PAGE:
Decades later, Jagger denied any specific, real-world inspiration, chalking it up to "New York as a violent place. America as a heavy-handed police state.

"We can go back 100 years and it's probably even heavier," Jagger continued. "Obviously, all that time ago it was heavy in a lot of places, heavy now and heavy before."

"Angie" Is Immortal For Very Good Reasons

Who is Angie? Is it Angela Bowie? Marianne Faithfull?

This talk can safely be consigned to the rock lore archives, as it’s beside the point: "Angie" is simply a gorgeous song. (Although your mileage may vary with Jagger’s whispering.) 

For an expert appraisal of what makes this majestic — and wildly popular — single tick, check out Rick Beato’s analytical YouTube video, for his What Makes This Song Great? series.

Much Of The Bluster Had Worn Off

Yes, we come to the Stones for cocksurity and bravado, but it’s arguably even more interesting when those qualities lose their luster.

Take two of the most horny cuts: "Silver Train" is about a prostitute; "Star Star" is about a groupie. But rather than sound hyped-up, they sound fragile, like machismo is an old costume that didn’t fit them at that moment.

Giles Martin Has Freshened Up Goats Head Soup

As a Beatles remixer, Giles Martin didn’t fall far from the tree; his father, of course, was iconic Fabs producer George Martin.

After making his mark with Sgt. Pepper’s, Abbey Road and the like, Martin has begun working with other camps — the Stones included.

His 2020 remix of Goats Head Soup wipes away the grime and reveals its vulnerable, autumnal heart. Truly, despite its mixed-bag reputation, this stew has never been so savory.

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Andrew Watt
Andrew Watt

Photo: Adali Schell


How Andrew Watt Became Rock's Big Producer: His Work With Paul McCartney, Ozzy Osbourne, Pearl Jam, & More

Andrew Watt cut his teeth with pop phenoms, but lately, the 2021 Producer Of The Year winner has been in demand among rockers — from the Rolling Stones and Blink-182 to Elton John.

GRAMMYs/Apr 17, 2024 - 01:45 pm

While in a studio, Andrew Watt bounces off the walls. Just ask Mick Jagger, who once had to gently tell the 33-year-old, "Look, I can deal with this, but when you meet Ronnie and Keith, you have to dial it down a little bit."

Or ask Pearl Jam's Stone Gossard. "He really got the best out of [drummer] Matt [Cameron] just by being excited — literally jumping up and down and pumping his fist and running around," he tells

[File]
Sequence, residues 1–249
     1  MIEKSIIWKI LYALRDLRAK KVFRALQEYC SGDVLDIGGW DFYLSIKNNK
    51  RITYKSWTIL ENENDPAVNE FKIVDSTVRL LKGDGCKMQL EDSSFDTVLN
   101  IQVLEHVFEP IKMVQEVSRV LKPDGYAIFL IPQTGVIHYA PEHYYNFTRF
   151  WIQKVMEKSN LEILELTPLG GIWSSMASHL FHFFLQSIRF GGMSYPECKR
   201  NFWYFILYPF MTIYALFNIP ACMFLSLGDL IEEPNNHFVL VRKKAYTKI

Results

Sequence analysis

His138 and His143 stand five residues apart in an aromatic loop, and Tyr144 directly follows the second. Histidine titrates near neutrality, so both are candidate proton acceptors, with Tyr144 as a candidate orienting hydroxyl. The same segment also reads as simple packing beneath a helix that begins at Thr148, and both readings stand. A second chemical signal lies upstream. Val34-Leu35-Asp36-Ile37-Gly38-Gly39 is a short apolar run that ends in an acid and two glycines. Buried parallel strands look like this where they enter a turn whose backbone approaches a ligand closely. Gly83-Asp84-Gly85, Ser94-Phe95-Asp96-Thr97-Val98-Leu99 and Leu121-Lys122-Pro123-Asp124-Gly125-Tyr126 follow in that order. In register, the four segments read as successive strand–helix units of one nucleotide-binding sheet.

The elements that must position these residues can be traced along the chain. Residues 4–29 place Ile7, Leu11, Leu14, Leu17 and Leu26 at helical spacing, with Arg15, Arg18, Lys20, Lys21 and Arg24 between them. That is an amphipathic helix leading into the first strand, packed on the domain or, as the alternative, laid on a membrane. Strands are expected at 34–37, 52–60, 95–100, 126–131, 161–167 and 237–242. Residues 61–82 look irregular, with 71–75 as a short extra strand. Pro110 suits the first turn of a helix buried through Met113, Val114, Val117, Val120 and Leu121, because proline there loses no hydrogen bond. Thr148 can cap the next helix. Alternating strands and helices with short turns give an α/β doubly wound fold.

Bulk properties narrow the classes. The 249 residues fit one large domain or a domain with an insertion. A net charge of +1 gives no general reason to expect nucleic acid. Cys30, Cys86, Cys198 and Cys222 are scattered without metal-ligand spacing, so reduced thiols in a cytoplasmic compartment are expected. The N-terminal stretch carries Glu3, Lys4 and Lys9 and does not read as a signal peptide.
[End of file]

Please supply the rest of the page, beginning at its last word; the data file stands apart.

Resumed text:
As Watt's hot streak has burned on, reams have rightly been written about his ability to take a legacy act, reconnect them with their essence, and put a battery in their back. His efficacy can be seen at Music's Biggest Night: Ozzy Osbourne's Patient Number 9 won Best Rock Album at the 2023 GRAMMYs. At the last ceremony, the Rolling Stones were nominated for Best Rock Song, for Hackney Diamonds' opener "Angry."

On Pearl Jam's return to form, Dark Matter, due out April 19. Who was behind the desk? Take a wild guess.

"You want to see them live more than you want to listen to their albums, and they have the ability to look at each other and play and follow each other. I don't like my rock music any other way, as a listener," Watt tells "All my favorite records are made like that — of people speeding up, slowing down, playing longer than they should."

As such, Watt had a lightbulb moment: to not record any demos, and have them write together in the room. "They're all playing different stuff, and it makes up what Pearl Jam is, and singer Eddie [Vedder] rides it like a wave."

If you're more of a pop listener, there's tons of Watt for you — he's worked with Justin Bieber ("Hit the Ground" from Purpose), Lana Del Rey ("Doin' Time" from Norman F—ing Rockwell) and much more. Read on for a breakdown of big name rockers who have worked with Andrew Watt.

Pearl Jam / Eddie Vedder

Watt didn't just produce Dark Matter; he also helmed Vedder's well-received third solo album, Earthling, from 2022. Watt plays guitar in Vedder's live backing band, known as the Earthlings — which also includes Josh Klinghoffer, who replaced John Frusciante in the Red Hot Chili Peppers for a stint.